Q: What should I do if the same submission to a new journal is rejected because the information was not updated in the associated preprint system of the previous journal?
The previous journal rejected my manuscript but had it preprinted on Research Square. However, Research Square failed to update this rejection in a timely manner. So, my submission [of the same manuscript] to a new journal was rejected because they thought I was making multiple submissions (with the same manuscript). The reviewer also told me that I got rejected mainly due to the issue of multiple submissions. Incidentally, the information in the preprint system is still not updated; it still shows that my manuscript is under consideration by the last journal.
I have made an appeal and provided an explanation. I have also communicated with the preprint system to update the information. However, my appeal to the new journal has not got a reply. Does this mean they will stick to the rejection decision and not accept my submission again? Should I write to them again?
Before we answer your question, we need to point out an important difference. Research Square is a company and known mainly for providing a preprints platform. ResearchGate is a community of researchers/academics/scholars where you can also share published papers. We understand you are referring to Research Square and not ResearchGate, and so, have made the change.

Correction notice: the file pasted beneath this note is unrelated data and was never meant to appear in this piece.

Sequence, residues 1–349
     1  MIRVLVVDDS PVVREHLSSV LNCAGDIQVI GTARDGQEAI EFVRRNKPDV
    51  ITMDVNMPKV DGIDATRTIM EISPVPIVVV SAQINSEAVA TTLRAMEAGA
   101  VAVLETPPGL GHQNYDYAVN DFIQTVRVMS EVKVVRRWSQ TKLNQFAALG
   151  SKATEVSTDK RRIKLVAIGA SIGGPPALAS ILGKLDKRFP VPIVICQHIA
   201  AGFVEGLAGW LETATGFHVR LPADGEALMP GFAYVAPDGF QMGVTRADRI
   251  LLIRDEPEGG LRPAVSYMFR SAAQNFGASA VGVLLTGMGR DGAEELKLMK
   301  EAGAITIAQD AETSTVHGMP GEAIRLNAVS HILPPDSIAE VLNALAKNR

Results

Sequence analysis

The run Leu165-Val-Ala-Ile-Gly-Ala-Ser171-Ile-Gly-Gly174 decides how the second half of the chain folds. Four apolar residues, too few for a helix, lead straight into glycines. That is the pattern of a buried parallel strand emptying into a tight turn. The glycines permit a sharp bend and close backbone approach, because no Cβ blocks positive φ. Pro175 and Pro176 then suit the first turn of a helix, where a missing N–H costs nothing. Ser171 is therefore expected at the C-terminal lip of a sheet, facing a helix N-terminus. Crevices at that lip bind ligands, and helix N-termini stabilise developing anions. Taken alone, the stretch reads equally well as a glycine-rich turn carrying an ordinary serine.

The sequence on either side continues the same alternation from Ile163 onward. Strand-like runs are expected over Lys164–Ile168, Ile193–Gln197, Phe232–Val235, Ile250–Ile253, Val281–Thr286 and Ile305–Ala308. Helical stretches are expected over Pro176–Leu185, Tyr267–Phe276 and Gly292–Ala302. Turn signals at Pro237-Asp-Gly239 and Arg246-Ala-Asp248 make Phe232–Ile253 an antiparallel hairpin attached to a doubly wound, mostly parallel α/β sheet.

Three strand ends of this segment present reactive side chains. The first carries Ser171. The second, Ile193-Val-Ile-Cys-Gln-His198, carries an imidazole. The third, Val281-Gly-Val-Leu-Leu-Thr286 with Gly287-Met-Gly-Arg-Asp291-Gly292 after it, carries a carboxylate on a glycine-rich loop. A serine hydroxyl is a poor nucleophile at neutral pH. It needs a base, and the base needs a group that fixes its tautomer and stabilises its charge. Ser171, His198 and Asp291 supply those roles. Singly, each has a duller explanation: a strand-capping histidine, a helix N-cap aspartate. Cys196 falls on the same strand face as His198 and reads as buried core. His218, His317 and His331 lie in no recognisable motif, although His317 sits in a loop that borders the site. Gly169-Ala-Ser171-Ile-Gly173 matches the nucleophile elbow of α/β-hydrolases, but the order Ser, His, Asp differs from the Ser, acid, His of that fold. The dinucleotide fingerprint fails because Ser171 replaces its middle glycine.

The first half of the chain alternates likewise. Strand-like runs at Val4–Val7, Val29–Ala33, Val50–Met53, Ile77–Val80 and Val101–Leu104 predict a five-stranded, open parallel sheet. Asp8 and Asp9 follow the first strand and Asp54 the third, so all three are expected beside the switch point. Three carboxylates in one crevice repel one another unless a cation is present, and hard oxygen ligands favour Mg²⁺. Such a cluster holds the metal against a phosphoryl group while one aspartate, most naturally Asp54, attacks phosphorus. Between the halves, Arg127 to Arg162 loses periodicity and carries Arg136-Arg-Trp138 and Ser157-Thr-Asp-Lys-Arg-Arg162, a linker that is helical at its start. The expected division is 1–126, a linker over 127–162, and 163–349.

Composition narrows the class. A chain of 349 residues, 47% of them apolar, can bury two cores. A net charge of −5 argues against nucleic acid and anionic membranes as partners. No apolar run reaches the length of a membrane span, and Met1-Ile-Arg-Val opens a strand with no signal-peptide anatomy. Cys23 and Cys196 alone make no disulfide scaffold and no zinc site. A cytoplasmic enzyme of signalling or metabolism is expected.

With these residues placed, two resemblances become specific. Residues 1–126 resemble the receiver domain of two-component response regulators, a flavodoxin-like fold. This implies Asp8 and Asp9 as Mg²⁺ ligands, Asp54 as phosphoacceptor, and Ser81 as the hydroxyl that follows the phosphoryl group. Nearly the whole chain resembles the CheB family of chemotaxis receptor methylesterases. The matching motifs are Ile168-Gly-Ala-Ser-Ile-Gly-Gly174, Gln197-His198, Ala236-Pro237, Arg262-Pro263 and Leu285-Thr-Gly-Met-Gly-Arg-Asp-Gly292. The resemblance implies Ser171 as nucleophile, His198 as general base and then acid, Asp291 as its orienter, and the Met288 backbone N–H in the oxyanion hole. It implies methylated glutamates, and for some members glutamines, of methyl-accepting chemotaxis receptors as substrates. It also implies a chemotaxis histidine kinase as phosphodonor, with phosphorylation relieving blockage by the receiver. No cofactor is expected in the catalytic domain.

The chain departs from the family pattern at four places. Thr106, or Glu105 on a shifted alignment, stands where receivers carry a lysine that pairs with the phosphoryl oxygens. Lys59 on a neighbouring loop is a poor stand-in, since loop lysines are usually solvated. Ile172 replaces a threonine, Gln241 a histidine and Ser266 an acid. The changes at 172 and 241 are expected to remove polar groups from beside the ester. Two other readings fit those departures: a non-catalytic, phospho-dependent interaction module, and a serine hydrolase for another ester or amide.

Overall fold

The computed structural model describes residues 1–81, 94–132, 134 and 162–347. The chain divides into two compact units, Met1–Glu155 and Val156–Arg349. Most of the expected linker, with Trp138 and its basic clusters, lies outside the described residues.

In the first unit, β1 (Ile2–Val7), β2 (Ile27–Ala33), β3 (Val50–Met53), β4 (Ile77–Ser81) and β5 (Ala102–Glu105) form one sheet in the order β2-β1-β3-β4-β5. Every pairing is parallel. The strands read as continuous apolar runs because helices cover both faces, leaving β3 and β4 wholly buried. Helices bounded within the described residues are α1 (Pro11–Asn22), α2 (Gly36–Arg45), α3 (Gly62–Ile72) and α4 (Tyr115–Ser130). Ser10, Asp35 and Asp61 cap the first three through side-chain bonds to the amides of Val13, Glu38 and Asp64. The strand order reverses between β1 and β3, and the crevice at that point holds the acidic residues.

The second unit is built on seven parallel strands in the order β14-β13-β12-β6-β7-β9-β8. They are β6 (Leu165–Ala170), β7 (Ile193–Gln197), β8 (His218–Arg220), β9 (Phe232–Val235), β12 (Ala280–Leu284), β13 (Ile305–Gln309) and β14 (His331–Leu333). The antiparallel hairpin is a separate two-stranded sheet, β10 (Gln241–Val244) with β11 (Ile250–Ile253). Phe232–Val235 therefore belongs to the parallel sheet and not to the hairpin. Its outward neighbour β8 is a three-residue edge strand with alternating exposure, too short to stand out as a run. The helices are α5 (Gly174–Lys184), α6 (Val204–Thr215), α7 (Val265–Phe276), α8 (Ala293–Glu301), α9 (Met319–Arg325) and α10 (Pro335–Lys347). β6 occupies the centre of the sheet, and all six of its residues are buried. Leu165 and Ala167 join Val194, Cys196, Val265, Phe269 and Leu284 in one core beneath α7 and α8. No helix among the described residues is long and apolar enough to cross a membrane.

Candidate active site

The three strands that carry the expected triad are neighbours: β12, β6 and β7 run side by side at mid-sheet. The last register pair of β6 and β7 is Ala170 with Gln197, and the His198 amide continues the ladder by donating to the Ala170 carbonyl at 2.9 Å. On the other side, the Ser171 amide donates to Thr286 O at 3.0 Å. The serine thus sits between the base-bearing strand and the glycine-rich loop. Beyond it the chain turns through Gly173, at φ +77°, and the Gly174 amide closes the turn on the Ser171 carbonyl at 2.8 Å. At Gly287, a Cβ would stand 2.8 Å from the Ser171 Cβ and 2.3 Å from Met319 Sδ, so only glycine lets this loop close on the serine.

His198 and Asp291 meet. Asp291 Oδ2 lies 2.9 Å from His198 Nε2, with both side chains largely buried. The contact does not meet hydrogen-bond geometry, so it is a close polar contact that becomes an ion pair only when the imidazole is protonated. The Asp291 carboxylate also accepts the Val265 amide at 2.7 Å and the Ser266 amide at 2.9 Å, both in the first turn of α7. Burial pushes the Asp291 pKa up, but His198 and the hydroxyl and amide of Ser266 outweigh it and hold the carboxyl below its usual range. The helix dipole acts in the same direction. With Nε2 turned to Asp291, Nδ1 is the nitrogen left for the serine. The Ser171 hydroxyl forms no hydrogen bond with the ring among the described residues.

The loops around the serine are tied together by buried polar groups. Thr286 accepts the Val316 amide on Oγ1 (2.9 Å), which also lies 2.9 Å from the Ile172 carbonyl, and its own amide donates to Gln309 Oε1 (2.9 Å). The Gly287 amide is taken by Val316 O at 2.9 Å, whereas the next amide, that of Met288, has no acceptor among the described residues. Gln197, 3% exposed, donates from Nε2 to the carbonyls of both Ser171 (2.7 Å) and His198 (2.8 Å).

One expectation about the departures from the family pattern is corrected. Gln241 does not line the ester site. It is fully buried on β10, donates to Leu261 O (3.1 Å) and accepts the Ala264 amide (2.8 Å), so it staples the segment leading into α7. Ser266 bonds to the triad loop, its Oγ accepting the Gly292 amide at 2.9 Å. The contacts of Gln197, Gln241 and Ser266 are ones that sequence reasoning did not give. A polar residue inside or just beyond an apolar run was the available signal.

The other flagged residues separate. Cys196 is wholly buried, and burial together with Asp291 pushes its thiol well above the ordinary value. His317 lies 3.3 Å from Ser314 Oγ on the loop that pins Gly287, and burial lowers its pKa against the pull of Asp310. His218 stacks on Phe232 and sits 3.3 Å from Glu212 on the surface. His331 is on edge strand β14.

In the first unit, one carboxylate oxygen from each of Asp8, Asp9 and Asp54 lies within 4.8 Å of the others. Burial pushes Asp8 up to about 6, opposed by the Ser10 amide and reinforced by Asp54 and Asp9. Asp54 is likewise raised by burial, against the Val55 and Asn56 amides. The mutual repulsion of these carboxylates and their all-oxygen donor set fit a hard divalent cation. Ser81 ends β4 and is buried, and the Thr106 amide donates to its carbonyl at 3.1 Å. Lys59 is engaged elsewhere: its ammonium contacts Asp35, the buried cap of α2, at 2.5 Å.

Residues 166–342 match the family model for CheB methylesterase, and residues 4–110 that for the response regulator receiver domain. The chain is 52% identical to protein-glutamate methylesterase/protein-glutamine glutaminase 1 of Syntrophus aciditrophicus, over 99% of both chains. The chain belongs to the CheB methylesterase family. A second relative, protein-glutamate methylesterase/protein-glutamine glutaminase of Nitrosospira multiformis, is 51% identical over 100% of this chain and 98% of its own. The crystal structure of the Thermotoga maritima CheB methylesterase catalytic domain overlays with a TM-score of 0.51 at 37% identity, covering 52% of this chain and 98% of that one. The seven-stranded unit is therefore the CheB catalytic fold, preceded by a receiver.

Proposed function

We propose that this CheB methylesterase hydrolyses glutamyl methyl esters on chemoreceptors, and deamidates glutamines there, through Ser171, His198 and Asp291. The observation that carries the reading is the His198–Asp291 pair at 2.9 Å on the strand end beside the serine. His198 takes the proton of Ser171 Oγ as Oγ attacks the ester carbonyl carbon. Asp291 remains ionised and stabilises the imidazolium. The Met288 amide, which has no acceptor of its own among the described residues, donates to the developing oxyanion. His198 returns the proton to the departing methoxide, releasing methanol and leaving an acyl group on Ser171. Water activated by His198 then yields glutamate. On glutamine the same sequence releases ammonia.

Now, getting to your query. The situation is unfortunate, but understandable. You would have been eager to submit your manuscript to a new journal after the previous journal’s rejection, but may have known of the processes and timeline for the status to get reflected on the affiliated platform.
Anyway, the answer to your query lies here itself. Unless Research Square updates the information, it is almost futile to write to the new journal or any others. The new journal is in fact probably waiting for the information to get updated before it can think of reconsidering. So, you should wait for the update, and should follow up with Research Square as needed. You could tell them of the unfortunate situation it has caused and the possible impact to your manuscript (and to your professional goals). This may urge them to hasten things.
Until then, you could write a presubmission inquiry to another journal (not the one that has already rejected the manuscript). However, they too may say that you should let them know only after the information is updated and maybe if the second journal sticks to their decision of rejection. So, as you can understand, you need to ensure the Research Square action is completed first.
As there might be a fair amount of communication involved in all these actions, you may find it worthwhile to invest in this handbook that provides a variety of templates for various scenarios of communicating with a journal: A practical handbook of templates for communicating with the journal
All the best for a rapid resolution!